Chapter 6 - RMDs For Age 71 And Beyond
Taking RMDs At Age 71 – Timing And Deadlines
If you are age 71 or older, you may already be taking Required Minimum Distributions from your retirement accounts. Making the correct withdrawals on time is crucial. If done incorrectly, the government may charge you an excise tax for as much as 50% of the amount you were supposed to withdraw. This is covered in detail on the IRS website.
Upon turning age 71 you must make an RMD by December 31st of each year. You will use the previous year’s December 31st balance for the calculation. Each year that goes by you must continue this process. By this time one RMD for turning 70 ½ should have already been taken.
Calculating An RMD Can Be Complicated
Let’s look at an example. If Susan turned 75 last year, she will need to take an RMD by December 31st of this year with a calculation specific to age 75. Then she will need to take an RMD by December 31st of next year calculated on age 76, and each year into the future that she is alive and there are still funds in the account.
For our example, Susan is 75, her spouse is close to her age, and the account is a Traditional IRA. Calculating Susan’s RMD requires a formula, a December 31st statement of the previous year, and IRS Publication 590-B – Distributions from Individual Retirement Arrangements.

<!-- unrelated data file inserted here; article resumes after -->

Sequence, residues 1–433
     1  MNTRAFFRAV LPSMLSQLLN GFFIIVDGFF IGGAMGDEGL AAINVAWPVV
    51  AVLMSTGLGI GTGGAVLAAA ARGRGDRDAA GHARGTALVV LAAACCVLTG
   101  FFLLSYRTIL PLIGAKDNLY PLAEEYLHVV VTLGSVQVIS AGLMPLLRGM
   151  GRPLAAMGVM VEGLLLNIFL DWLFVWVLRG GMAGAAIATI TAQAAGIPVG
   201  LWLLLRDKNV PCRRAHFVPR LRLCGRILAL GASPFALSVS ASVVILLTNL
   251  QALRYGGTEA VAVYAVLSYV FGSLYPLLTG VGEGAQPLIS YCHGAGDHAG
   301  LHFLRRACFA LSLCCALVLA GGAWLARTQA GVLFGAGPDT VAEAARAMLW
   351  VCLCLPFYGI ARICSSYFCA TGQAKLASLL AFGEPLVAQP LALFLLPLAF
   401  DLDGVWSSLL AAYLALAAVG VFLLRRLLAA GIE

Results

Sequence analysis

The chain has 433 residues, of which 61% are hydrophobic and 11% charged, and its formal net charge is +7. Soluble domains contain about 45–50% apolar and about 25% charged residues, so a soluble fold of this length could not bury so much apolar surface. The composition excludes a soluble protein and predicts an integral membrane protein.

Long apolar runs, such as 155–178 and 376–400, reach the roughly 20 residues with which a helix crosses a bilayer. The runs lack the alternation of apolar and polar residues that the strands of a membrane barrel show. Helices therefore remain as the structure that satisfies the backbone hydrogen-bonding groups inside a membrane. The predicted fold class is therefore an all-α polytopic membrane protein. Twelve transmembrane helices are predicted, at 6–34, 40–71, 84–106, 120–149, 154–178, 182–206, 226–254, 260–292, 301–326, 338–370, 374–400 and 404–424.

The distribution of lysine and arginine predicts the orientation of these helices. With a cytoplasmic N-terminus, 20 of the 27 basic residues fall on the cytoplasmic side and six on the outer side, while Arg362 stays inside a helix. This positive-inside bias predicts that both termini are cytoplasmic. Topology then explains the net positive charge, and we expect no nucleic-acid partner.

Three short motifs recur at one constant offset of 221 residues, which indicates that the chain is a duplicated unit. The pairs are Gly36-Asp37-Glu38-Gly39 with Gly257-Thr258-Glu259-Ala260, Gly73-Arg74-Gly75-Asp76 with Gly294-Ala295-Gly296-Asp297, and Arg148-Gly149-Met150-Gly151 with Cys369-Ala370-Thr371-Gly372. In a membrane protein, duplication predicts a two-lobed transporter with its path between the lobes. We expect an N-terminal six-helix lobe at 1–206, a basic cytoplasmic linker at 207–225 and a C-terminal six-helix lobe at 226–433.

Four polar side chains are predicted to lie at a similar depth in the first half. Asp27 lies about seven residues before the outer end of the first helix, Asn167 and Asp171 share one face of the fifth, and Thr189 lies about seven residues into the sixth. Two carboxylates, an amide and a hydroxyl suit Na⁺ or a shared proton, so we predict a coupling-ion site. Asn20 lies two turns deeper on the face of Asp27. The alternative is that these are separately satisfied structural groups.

If Susan has an IRA with an account balance of $100,000 as of December 31st of last year, her RMD would be $4,366.81. Here is how she would get to that number. First she locates the correct table in the IRS Publication 590-B.
Use The Correct Table
She needs to be careful, because there are several tables in this document and she must make sure to use the correct one. Once she has found the correct table, in this example it’s the Uniform Lifetime table, she finds her age, which is 75. Next to the column with her age, she will find a number called the Distribution Period.
Susan will then take the Distribution Period number, in this case it’s 22.9, and divide it by her IRA account balance referenced earlier, which is $100,000. The result is $4,366.81 (100,000 / 22.9 = 4,366.81).
RMD Calculations Are Different Each Year
This calculation process must be repeated annually until her account balance is zero, or until Susan’s passing. Those who inherit the account, called beneficiaries, must make sure Susan’s last RMD was withdrawn, and will proceed using a similar set of calculations, assuming there are still funds in the account. The beneficiaries will also have a couple new RMD options as well. See this page for more information.
Watch Out For Errors
You can see that there is room for error, because the math for RMD calculations takes a few steps, and the figures change each year. If you are the owner of a retirement account, it is your responsibility to take RMDs at the proper time. To learn more visit the IRS website and review forms 590-B, 560, 571, 575, and 939.
Provision Retirement Can Help With RMDs
We help our clients calculate and manage their RMDs, and coordinate them with their long term retirement plan. Contact us today to learn about our services.
Contact us For Help with RMDs